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Montessori Prepared Adults Wait

In Montessori, adults play an important role - that of the prepared adult. We are called prepared adults for many reasons and we have many roles to play. But, as parents, how can we become prepared? Often, it's simple little changes we can make in our behavior toward children that help us take on the role of the prepared adult. One of the easiest, and most important, things we can do as prepared adults is simply wait. 

Right now we are entering the holiday season, and my 2-year-old Teddy provided me with the perfect example of my own need to wait. We were outside trying to get back in from a school pickup and he stopped and looked at every single Christmas bulb hung along the path to our house. Slowly he even lowered himself to the ground to look at those near the bottom. That exploration required me to access some serious patience, and just wait for him to be done with this important work. Same when Gus recently got a new lego set for his fifth birthday. Waiting for him to figure out where to put each piece. 

Waiting can look different for every child and every situation. Here are a few ways that a prepared adult can wait for their child. 

With Babies...
  • wait until they have finished working to move them to the next activity
  • wait until they look away to shift your gaze 
  • wait for them to respond (even if just by a look) to something you are saying to them
  • wait after tell them you are going to do something to their bodies for them to process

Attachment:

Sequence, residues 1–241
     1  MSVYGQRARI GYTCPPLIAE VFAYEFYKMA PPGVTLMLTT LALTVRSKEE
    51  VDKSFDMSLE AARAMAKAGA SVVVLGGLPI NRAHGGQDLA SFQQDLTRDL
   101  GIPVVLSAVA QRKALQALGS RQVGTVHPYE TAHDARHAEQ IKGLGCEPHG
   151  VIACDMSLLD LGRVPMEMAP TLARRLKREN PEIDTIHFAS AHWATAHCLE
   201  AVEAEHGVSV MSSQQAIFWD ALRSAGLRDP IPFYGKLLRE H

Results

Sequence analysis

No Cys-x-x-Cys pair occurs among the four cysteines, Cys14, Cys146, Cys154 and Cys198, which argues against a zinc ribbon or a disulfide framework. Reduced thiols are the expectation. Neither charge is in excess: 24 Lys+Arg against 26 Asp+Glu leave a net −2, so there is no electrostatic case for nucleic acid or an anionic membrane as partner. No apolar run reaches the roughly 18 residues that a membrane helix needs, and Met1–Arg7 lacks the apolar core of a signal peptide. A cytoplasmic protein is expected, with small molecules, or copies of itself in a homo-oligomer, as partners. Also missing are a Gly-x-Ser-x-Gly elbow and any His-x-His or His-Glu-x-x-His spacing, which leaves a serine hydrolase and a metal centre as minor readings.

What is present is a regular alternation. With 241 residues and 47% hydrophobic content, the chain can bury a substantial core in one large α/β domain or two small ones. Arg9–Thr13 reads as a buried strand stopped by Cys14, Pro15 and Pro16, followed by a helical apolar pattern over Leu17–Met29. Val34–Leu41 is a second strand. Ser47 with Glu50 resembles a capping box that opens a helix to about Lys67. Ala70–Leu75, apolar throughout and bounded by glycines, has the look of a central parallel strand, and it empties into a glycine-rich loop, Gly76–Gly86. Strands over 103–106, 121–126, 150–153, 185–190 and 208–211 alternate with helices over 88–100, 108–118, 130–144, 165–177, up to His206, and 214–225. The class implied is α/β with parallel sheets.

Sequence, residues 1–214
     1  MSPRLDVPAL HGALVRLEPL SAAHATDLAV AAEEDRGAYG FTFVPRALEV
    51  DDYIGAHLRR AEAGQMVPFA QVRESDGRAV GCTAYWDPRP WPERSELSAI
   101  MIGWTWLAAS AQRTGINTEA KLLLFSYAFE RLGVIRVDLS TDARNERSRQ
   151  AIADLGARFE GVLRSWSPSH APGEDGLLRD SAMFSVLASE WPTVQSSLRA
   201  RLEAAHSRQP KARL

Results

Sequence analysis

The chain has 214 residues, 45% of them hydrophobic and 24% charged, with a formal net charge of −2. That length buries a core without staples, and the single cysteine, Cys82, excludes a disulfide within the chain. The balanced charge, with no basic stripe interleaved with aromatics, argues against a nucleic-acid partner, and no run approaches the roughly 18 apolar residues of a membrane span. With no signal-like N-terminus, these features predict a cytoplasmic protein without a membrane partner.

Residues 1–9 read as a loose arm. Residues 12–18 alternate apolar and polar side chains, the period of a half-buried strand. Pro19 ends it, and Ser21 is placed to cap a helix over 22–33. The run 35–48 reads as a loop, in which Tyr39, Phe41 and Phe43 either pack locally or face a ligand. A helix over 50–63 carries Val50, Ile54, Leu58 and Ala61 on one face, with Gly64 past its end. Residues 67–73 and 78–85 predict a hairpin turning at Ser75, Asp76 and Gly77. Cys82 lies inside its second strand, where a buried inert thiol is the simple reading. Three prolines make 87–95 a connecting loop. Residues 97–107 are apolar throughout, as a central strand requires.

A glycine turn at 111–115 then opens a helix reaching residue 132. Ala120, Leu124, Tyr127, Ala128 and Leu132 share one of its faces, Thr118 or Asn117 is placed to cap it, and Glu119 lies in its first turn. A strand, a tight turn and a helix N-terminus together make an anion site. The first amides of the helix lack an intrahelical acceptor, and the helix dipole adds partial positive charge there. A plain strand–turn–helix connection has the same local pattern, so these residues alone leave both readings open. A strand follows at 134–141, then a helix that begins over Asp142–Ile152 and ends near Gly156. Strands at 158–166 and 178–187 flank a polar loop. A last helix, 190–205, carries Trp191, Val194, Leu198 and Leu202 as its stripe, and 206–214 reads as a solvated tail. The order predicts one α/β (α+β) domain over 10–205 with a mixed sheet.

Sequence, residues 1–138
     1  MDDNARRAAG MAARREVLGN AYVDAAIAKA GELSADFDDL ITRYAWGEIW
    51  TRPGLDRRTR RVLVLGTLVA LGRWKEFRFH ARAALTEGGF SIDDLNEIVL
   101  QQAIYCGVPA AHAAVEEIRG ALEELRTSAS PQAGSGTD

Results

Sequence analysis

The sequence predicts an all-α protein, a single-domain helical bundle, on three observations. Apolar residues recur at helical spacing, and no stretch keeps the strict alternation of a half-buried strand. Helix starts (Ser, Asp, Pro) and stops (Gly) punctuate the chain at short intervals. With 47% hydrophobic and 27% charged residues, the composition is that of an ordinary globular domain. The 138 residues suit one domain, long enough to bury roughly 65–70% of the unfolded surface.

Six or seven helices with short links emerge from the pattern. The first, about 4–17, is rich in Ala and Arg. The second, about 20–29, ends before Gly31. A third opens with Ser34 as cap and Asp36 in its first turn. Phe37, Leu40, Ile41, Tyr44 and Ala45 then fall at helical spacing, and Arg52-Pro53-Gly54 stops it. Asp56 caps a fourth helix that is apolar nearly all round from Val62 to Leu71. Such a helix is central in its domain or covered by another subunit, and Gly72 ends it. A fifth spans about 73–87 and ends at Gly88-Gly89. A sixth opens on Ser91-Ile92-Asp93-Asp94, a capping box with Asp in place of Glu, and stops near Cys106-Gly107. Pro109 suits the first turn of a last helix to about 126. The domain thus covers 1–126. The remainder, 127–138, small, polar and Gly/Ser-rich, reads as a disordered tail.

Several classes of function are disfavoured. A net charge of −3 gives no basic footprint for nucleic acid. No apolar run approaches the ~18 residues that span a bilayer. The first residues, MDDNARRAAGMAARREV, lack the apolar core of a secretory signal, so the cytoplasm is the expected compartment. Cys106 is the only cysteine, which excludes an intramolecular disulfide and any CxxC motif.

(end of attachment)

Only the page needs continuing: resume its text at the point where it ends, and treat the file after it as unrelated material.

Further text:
With Toddlers...
  • wait for them try and complete a task on their own
  • wait for them to be done exploring something before transitioning to something else
  • wait for them to answer questions or participate in conversations
  • wait for them to be ready for materials and work 
With Preschoolers...
  • wait for them to comply with requests
  • wait for them to complete chosen activities
  • wait for them to finish speaking
  • wait for them to be done with a hug or cuddle before moving on  
With Elementary kids...
  • wait for them to find the answer 
  • wait for them to ask the question before giving all the information
  • wait for them to come up with solutions 

Waiting offers opportunities for independence. Waiting offers respect. Waiting is a simple way to acknowledge the developmental stage that your child is at and what they are ready for. Waiting helps us remember that their brains process information more slowly than adults. Waiting helps them engage in a meaningful way. Today, wait. 

How do you wait for your children?



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